Paekākāriki Lets Get Prepared!

At the recent Paekākāriki Resilient hui, a series of speakers spoke of their experience in a natural disaster, or how to plan for one, and others brainstormed ideas on how to survive one. Kerren Hedlund shares the details.

Sarah Te One presenting. Photo: Kerren Hedlund

On Sunday 7 May, we experienced a very enjoyable evening at St Peter’s Hall, with 30 odd folk from the village attending the emergency preparedness hui and sharing delicious kai.

We heard Sarah Te One speak about her first-hand experience of the 2003 flood. And how she escaped with child in one arm and dog in the other as her house quickly filled with water. She shared how grateful she was a friend saved her laundry, as it was the only clothes she had for the coming weeks. She lost everything, but Angels were assigned to each affected household to help with emergency and recovery needs.

Justine Ward spoke her father’s words of his first-hand experience of the Christchurch earthquake, and the utter devastation – being without shelter, water, electricity, and a toilet. Martin gave wise words about how the season, the type of disaster and even the time of day, will affect what you put in your Go Bag.

Paekākāriki Resilient hui. Photo: Kerren Hedlund

There was a brief intervention by our regional resilience focal point, Renee Corlett from WREMO, who shared how overwhelmed emergency response were in Auckland in the recent cyclone. She reiterated how important it is to plan to have to take care of ourselves in the first days of a big emergency. To sit down and make a list of all the things you do in a normal day, and then imagine what it would be like to do those things without running water, electricity, or a stove.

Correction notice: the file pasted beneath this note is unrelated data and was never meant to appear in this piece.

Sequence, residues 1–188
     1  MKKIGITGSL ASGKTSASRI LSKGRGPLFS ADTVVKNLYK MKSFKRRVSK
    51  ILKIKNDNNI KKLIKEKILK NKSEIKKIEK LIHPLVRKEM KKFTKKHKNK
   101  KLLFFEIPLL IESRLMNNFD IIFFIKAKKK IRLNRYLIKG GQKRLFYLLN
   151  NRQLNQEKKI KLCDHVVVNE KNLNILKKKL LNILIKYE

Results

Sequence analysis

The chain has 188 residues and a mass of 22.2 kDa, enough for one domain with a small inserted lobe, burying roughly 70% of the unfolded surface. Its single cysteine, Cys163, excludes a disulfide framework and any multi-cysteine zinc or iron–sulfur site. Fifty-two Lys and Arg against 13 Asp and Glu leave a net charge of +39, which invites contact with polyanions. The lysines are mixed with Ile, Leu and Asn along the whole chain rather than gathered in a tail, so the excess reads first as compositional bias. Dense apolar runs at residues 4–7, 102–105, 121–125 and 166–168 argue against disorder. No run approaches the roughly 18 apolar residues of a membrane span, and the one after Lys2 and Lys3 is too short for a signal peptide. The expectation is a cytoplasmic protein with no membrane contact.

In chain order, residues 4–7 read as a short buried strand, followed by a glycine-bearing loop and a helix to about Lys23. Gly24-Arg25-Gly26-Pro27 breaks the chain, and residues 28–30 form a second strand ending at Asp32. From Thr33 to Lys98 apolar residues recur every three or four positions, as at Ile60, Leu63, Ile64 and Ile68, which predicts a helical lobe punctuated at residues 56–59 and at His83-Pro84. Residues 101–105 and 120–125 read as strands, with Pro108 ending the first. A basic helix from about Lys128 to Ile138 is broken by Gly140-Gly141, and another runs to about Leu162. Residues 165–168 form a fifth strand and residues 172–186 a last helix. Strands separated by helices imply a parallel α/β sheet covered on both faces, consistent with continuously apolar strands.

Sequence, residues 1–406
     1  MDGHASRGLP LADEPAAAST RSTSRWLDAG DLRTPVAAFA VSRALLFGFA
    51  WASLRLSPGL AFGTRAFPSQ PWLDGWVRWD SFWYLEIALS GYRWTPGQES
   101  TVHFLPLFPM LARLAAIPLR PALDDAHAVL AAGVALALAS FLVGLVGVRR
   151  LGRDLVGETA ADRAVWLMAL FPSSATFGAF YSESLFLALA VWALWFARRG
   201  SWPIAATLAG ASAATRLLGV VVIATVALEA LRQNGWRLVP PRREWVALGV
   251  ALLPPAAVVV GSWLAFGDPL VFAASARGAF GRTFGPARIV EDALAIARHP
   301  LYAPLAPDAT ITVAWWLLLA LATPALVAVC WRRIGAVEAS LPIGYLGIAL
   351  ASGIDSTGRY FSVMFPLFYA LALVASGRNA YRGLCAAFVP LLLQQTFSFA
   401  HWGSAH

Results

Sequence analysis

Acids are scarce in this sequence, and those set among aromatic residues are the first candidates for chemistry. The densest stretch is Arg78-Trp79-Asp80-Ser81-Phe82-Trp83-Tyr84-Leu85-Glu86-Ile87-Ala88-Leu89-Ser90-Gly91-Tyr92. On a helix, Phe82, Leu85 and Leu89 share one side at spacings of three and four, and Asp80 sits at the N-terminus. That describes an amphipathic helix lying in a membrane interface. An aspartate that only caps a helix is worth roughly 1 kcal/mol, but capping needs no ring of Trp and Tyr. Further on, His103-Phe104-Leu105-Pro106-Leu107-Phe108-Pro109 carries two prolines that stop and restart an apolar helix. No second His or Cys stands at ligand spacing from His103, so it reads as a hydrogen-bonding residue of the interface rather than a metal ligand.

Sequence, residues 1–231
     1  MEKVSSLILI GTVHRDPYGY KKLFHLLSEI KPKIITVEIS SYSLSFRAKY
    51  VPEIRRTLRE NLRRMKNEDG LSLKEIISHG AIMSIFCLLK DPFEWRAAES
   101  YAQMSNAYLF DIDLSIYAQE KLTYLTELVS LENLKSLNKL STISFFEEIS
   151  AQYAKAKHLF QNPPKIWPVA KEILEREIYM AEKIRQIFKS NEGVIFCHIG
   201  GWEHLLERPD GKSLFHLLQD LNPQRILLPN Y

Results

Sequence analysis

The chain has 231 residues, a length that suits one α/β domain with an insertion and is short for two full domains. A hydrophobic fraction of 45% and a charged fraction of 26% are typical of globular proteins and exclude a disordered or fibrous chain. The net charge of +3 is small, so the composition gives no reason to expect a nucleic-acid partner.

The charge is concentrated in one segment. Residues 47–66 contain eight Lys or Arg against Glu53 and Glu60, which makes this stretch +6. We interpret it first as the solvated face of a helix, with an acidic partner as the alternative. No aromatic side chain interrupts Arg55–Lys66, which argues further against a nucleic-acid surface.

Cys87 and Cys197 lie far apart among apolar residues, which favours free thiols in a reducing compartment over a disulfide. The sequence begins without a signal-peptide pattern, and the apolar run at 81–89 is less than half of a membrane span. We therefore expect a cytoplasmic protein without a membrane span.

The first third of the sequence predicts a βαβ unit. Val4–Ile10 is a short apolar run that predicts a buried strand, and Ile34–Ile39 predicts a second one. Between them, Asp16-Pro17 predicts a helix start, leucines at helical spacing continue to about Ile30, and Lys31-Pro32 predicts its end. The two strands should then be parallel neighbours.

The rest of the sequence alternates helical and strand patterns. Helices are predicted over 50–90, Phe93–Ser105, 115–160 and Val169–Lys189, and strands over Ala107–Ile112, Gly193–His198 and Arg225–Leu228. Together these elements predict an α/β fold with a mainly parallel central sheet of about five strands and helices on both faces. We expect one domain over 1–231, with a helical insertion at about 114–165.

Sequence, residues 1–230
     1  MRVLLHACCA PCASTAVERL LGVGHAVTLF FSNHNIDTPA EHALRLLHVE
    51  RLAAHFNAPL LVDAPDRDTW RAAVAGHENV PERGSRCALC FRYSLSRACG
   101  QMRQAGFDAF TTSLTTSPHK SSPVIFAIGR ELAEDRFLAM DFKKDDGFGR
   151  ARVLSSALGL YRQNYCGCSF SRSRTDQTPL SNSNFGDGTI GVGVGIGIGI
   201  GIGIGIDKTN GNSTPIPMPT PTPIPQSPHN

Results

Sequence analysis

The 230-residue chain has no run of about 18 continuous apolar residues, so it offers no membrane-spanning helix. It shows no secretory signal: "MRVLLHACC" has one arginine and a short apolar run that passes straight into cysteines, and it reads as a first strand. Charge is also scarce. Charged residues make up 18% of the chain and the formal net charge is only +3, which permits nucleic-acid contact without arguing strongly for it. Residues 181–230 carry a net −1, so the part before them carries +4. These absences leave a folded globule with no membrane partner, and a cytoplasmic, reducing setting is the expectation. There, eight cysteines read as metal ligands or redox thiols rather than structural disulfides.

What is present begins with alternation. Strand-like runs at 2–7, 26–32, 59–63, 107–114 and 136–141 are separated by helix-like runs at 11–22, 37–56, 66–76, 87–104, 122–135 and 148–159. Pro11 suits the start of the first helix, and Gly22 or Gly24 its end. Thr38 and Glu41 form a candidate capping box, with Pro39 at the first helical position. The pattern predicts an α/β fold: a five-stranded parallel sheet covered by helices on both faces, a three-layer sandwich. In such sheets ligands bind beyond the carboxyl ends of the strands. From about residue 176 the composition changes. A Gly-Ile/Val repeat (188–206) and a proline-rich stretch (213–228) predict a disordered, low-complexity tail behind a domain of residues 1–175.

Justin Corbett shared what he felt characterises successful responses to crises around the world and the fact that local people are the first – and the last – responders. He spoke of how those villages where people already cared for each other survive the crisis much better, and how any activity from music to plant sales to neighbourly cups of tea, bring people closer together, and by default, make them more resilient. He also mentioned how generally emergencies bring out the best in us and there are actually very few baddies that take advantage of people’s distress. And how between us, we will find the skills and the resources to make do for the first few weeks in a big emergency.

Finally, people shared what sort of skills they’d like to develop to weather a storm to inform the winter series of wananga. So watch this space!

If you would like to share your ideas for a Chill Ed series of workshops on emergency preparedness (eg how to make a composting toilet), please email Sophie at [email protected].

Paekākāriki Resilient hui preparedness ideas. Photo: Kerren Hedlun

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